**What should you bring to this course?**

If you are an undergraduate, you should come into this course with the ability to do the following:

w List
the
three major classes of rocks.

w List two
types of rock that belong to each of the major classes, and give
examples
of each.

w List the
major types of sediments in order of descending grain size.

w Tell what
type of rock each type of sediment would form, if lithified.

w Draw a
diagram illustrating the processes and products of the rock cycle.

w Name and
describe the two major types of weathering processes.

w List and
describe three major types of glacial deposits, and describe how they
form.

w Use a
topographic
map to investigate and describe the topography of an area.

w Use a
topographic map to determine what direction a stream flows.

w Use a
topographic map to tell what direction is downhill from a given point.

w Given
elevation values at several data points, construct a simple topographic
contour map.

w Given
a point on a map, use the Public Land Survey system (Township, Range,
and
Section) to tell its

geographic location.

w Given
the Township, Range, and Section of a point, plot it on a topographic
map.

w Use a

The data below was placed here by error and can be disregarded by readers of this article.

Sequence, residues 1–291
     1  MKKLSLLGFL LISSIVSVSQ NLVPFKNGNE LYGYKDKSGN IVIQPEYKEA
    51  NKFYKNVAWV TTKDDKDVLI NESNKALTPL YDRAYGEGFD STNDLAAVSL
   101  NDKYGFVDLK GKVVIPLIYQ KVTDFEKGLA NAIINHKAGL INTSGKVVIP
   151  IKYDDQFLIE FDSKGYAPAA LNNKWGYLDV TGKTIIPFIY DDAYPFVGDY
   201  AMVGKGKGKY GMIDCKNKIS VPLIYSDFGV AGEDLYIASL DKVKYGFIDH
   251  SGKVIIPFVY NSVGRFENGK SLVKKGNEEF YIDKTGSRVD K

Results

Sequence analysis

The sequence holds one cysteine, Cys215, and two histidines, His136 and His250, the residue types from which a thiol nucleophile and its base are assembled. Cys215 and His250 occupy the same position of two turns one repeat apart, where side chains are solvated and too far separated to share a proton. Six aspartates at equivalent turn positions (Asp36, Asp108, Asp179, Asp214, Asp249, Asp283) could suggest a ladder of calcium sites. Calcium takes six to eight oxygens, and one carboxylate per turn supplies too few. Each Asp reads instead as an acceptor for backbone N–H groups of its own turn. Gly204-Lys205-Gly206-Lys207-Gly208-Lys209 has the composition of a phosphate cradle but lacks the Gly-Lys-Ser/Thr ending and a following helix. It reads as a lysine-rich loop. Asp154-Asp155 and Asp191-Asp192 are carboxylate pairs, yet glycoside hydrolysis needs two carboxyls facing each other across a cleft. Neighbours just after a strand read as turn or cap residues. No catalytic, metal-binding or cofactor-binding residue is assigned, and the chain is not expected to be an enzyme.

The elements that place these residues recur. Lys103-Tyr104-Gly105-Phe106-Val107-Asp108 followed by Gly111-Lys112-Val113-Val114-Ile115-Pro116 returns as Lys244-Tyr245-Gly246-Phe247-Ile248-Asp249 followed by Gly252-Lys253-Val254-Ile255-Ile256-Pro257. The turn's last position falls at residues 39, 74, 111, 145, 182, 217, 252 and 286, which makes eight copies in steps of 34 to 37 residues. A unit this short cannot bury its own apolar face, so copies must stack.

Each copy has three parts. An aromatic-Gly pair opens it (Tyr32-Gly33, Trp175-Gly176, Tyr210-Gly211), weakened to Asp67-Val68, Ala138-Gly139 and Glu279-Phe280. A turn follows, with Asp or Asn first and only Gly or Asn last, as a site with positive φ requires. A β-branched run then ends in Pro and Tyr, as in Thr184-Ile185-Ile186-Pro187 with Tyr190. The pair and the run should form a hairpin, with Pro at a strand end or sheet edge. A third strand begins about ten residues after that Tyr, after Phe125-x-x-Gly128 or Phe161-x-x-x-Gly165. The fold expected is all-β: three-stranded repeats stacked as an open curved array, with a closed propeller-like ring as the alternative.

topographic map to construct a topographic profile.

w Give
and
use the geometric formulas for area of a rectangle, triangle, and
circle.

w Give and
use the geometric formulas for the volume of a rectangular solid and a
cylinder.

w Give the
general formula for a graph of a straight line and explain what each
variable
in the formula means.

w Given
a simple algebraic formula containing several variables, rearrange the
formula to solve for each variable. (For example, if 2y = 3x + 5,
rearrange the formula to solve for x, and then rearrange it to solve
for
y.)

w Write
a number both in scientific notation and in normal format.

w Raise
a number to an exponential power.

Grad students are expected to have a deeper understanding of stratigraphy (in particular glacial geologic stratigraphy); the geologic time scale; interpretation of geologic history of an area from geologic data such as maps, drillhole data, and outcrop descriptions; methods for constructing and reading geologic cross sections; use of geologic maps; construction and use of topographic maps; algebraic manipulation; use of logarithms; graphing; and basic calculus notation.

Department of Earth Science | Northeastern Illinois University

*© 2005 Laura L.
Sanders.
Last updated August 29, 2005.*